Turtle ancestor disproves bone-shed theory

220 million year old fossil gives first indication of the evolution of the tank

Odontochelys semitestacea © Marlene Hill Donnelly / Field Museum
Read out

How did turtles get to their tank? An answer to this question is now provided by a newly discovered fossil in China: the 220-million-year-old prehistoric turtle has an incomplete protective shell and thus gives an insight into the evolution of the tank. The study now published in "Nature" also refutes the theory that the shell has developed from bone scales of the skin.

Since the age of dinosaurs, the turtles have barely changed, even then they had a stable bone armor that protected their entire hull. The skin of some reptiles living today, such as the crocodiles, is studded with bony scales, probably similar to the dinosaurs. So far, some researchers have assumed that the tanks of turtles from such so-called Osteoderms could have developed.

Broadened ribs instead of dander

With the discovery of a first turtle fossil from the Triassic with incomplete tank, this theory could now be checked and refuted at the same time. The relic was discovered in the Chinese province of Guizhou near the city of Guiyang and is 220 million years old. Olivier Rieppel, head of the geological department of the Chicago Field Museum, has now studied the fossil in collaboration with Chinese and Canadian colleagues.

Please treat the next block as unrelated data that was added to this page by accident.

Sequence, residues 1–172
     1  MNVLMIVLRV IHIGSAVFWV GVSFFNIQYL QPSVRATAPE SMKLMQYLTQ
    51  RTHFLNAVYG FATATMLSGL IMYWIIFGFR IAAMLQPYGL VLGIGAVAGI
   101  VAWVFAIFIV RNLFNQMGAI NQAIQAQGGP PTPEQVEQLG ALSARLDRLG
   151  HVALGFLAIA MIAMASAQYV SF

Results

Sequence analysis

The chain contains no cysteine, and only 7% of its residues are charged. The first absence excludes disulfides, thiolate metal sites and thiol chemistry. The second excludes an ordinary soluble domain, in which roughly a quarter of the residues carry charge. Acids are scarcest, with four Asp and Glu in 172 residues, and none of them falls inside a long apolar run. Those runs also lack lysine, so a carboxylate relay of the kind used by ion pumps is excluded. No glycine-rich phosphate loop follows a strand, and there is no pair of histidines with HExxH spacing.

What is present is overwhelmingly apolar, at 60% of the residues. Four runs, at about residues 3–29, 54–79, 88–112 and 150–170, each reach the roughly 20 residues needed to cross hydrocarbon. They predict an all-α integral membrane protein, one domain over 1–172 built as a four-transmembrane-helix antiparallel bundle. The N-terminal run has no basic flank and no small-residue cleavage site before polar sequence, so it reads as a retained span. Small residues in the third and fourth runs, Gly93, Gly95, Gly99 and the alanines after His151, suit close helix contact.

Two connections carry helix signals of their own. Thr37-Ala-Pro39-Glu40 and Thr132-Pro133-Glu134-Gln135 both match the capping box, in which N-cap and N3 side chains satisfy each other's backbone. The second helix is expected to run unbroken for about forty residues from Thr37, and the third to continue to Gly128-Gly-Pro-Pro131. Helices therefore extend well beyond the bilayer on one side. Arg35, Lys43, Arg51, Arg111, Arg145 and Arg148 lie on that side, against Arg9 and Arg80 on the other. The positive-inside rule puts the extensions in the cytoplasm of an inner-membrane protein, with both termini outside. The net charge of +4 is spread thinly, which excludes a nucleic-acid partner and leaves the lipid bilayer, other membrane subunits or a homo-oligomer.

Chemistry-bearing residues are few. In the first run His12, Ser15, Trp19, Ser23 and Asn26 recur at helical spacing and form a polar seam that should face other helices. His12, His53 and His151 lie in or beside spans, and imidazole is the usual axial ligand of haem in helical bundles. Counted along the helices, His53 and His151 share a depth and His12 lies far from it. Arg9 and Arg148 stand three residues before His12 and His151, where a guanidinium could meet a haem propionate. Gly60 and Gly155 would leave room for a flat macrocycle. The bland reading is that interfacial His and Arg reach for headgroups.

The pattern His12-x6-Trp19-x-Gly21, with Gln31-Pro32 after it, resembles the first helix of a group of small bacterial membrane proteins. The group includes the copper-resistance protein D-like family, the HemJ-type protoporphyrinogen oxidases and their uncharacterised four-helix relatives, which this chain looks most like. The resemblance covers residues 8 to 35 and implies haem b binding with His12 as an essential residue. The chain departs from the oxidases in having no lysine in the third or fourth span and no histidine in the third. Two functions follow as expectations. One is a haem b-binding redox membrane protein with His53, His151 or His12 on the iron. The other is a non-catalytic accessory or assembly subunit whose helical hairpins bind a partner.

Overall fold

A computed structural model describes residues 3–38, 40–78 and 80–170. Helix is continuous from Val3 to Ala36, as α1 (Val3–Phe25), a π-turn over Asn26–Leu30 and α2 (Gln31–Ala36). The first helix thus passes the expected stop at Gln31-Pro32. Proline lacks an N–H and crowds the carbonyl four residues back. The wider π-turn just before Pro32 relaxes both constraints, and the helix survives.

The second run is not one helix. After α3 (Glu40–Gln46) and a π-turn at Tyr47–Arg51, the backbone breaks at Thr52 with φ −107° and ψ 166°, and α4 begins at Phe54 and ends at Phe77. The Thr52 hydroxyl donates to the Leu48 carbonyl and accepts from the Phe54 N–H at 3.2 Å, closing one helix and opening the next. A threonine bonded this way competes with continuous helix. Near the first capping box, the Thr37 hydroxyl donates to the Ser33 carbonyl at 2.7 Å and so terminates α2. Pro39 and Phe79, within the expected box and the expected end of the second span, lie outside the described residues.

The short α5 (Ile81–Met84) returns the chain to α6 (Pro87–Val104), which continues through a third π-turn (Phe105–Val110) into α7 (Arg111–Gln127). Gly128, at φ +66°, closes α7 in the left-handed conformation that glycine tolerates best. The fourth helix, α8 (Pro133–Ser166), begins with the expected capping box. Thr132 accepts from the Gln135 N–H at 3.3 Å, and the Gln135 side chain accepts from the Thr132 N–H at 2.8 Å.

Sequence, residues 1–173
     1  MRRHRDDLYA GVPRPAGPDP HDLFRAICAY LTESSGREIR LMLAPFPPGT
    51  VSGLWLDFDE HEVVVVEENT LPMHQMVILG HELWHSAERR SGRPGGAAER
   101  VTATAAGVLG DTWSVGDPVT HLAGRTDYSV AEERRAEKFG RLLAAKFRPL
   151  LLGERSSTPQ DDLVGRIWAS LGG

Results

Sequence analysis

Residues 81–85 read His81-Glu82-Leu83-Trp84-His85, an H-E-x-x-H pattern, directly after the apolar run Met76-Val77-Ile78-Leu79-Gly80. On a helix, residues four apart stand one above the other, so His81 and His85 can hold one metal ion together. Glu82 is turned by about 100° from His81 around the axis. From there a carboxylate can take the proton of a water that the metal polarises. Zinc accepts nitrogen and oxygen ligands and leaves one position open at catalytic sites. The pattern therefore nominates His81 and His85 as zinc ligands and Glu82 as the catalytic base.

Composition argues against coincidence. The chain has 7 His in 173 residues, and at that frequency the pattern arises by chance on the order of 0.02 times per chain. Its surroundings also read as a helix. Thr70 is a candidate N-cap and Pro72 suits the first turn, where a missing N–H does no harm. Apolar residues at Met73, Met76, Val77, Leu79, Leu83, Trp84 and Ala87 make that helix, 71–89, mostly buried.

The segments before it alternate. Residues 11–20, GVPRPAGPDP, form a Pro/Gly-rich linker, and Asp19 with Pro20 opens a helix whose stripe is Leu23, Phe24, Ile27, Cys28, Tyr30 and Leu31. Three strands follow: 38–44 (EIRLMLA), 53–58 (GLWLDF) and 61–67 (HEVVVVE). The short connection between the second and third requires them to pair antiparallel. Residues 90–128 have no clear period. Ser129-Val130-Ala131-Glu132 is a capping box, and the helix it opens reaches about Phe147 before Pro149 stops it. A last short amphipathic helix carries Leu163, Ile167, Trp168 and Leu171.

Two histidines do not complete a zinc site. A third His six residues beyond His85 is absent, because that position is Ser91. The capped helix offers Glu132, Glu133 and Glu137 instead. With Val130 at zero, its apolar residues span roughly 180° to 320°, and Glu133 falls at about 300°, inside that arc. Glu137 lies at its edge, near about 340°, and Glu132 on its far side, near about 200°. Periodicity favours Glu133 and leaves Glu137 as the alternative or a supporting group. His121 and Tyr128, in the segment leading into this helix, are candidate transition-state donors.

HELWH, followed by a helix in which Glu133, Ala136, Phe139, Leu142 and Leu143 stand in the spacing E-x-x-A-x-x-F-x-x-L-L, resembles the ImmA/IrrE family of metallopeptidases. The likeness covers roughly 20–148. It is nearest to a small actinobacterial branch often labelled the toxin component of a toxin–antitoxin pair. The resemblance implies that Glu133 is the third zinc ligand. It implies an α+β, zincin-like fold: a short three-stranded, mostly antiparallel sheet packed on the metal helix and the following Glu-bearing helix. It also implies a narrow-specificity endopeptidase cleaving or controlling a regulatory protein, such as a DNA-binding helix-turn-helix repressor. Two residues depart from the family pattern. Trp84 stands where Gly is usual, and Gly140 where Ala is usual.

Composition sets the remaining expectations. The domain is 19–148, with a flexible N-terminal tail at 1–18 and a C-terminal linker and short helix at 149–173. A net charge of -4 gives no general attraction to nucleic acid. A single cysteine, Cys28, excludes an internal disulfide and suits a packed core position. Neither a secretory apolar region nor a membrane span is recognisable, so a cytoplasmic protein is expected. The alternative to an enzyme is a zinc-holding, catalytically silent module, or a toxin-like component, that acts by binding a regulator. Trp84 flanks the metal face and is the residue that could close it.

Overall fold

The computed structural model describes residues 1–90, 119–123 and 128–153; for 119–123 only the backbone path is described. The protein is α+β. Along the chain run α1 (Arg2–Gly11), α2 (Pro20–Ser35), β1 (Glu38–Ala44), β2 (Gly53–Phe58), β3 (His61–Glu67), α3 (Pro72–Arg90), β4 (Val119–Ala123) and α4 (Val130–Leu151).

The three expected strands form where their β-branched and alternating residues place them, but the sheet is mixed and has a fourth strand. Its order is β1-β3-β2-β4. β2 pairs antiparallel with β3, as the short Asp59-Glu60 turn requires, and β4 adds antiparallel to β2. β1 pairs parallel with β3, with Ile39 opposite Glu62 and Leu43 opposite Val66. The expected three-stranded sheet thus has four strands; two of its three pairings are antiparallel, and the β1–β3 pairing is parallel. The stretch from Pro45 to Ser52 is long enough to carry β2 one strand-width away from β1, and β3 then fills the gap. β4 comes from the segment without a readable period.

The Odontochelys semitestacea - half-shell toad with teeth - baptized species apparently had no bone scales and from the shell only the lower half. The carapace is incomplete and seems to be an extension of its spine and ribs.

Reinvention of nature

This fits in with investigations into the embryonic development of today's turtles, which show that the spine and ribs gradually widen and then fuse together. "This is the first turtle with an incomplete shell, " explains Rieppel. "The tank is an evolutionary innovation. In any case, our animal tells people that they can forget the idea of ​​tortoise tracks with osteoderms. "Ad

According to the researcher Odontochelys probably lived predominantly in the water. The half-tank then protected the sensitive belly from swimming from near the surface when swimming near the surface. "Rural-life reptiles had their bellies close to the ground, less exposed to danger, " said Rieppel.

(Field Museum, 01.12.2008 - NPO)